Applying for a Family Child Care License in Hawaii

Applying for a Family Child Care License in Hawaii

Whether you are a stay-at-home mother that also wants to earn some income, or you simply love children and want to help them grow and develop in an intimate setting, becoming a Family Child Care Provider can be a satisfying career. There are many benefits, such as eliminating commuting costs and a business wardrobe and being able to deduct many household expenses when it comes time to file your taxes. Close relationships are formed with both parent and child since you are allowed only up to 6 children in your home. On the other hand, not everyone is able to deal with small infants and toddlers all day, with no adult conversation to break the monotony. Sometimes, people mistakenly believe that because they love children so much, this would be a perfect job and they forget that they still have to deal with the parents, and need other skills such as accounting to run their business efficiently.

The first step is to apply for your license. Until you are licensed, child care laws in Hawaii allows you to care for only 2 children that are not related to you. If they are your relatives, the number you can care for is unlimited. The application needs to be filled out and signed by both you and your spouse if married.

Secondly, you and your spouse will need to submit, along with the application, a current medical clearance examination statement signed by your primary physician. Any adult living in your household will also need to get a physical exam, along with any home-schooled children. You will also need a TB clearance, done either by chest x-ray or a TB skin test. Again, this includes yourself, spouse, all other adult household members, and any home-schooled children. If you are currently conducting child care, statements signed by the child’s physician for their physical examination, TB clearance, and immunizations current for their age-level need to be submitted as well.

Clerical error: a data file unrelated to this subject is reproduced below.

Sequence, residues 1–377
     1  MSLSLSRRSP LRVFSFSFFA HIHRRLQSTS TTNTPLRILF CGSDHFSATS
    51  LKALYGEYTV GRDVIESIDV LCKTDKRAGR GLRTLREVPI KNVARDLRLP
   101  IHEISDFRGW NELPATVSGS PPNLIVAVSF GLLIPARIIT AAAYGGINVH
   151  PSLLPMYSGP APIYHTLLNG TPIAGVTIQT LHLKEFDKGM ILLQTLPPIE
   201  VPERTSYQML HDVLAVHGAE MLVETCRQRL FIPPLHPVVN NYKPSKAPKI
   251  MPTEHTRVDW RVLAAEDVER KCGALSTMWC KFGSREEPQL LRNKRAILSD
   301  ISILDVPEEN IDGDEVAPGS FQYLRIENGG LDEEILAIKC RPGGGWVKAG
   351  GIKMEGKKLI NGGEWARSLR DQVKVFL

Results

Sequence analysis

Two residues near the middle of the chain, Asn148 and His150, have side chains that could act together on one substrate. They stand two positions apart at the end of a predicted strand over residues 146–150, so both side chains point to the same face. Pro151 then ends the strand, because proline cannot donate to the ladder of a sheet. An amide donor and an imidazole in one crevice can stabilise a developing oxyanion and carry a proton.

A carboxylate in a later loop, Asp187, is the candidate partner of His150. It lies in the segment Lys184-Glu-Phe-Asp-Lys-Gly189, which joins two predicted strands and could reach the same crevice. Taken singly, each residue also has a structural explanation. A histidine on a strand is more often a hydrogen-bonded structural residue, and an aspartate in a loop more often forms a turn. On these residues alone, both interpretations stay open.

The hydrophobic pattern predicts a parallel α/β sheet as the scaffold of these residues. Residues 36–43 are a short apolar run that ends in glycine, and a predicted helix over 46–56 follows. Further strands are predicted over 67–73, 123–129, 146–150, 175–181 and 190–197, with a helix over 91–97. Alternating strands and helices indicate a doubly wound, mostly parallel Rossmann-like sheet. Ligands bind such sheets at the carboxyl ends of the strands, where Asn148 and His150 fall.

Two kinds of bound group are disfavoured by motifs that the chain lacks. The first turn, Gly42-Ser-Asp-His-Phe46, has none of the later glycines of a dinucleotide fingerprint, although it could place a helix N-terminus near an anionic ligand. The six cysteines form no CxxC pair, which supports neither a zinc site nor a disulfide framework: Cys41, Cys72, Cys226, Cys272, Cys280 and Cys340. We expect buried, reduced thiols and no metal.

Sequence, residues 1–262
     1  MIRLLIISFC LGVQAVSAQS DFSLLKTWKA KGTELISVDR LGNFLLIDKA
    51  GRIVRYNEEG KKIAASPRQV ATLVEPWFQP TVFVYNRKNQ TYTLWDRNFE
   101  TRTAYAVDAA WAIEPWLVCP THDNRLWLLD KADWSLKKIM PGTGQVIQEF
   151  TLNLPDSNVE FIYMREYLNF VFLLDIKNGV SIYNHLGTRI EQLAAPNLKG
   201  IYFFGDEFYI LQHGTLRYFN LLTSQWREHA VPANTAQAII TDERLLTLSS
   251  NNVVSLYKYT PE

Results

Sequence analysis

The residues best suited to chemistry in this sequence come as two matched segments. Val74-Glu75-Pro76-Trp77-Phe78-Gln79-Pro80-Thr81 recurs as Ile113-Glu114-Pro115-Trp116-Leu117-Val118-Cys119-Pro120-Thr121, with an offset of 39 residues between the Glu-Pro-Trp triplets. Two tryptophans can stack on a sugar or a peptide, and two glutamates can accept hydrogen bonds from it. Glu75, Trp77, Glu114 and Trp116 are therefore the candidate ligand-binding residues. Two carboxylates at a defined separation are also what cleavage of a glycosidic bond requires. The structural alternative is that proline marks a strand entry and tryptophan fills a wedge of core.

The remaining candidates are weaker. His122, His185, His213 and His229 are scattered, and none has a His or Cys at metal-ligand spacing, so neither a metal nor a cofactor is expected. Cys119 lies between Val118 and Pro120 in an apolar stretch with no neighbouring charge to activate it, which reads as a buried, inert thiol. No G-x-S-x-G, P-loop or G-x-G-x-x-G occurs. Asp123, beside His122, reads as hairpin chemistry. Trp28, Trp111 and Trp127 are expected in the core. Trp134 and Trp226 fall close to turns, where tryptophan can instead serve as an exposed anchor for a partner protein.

Third, like any other job application, references, attesting to your ability to provide quality child care, are required. 2 letters from a friend, neighbor, professional child care provider or person in the industry, or parent of a child you have cared for will suffice. References from a relative will not be accepted.

Fourth, complete employment history for the past 3 years for you and your spouse, and all other adult household members will need to be submitted. If you were not employed within the last 3 years, a written statement to that effect and signed by you will suffice.

Finally, a criminal history check will need to be done on you, your spouse, and all adult members of your household. The usual method is done by fingerprinting or a name inquiry into state and national criminal history record files. DHS 948, which is the Consent To Release For Background Clearances And Disposition Of Findings form, will also need to be signed, to allow the Department of Human Services to review your criminal history records and states that any convictions will bar you from operating a child care business.

Once all of these documents are submitted, a licensing social worker will be assigned to you. He or she will then have 90 days from the date the completed application is received to come to your home to check for safety and regulations, and then issue a ruling on whether to grant you a license. After obtaining your license you can also check out daycare service providers such as to learn more about job opportunities. This will help you in getting regular offers for daycare jobs.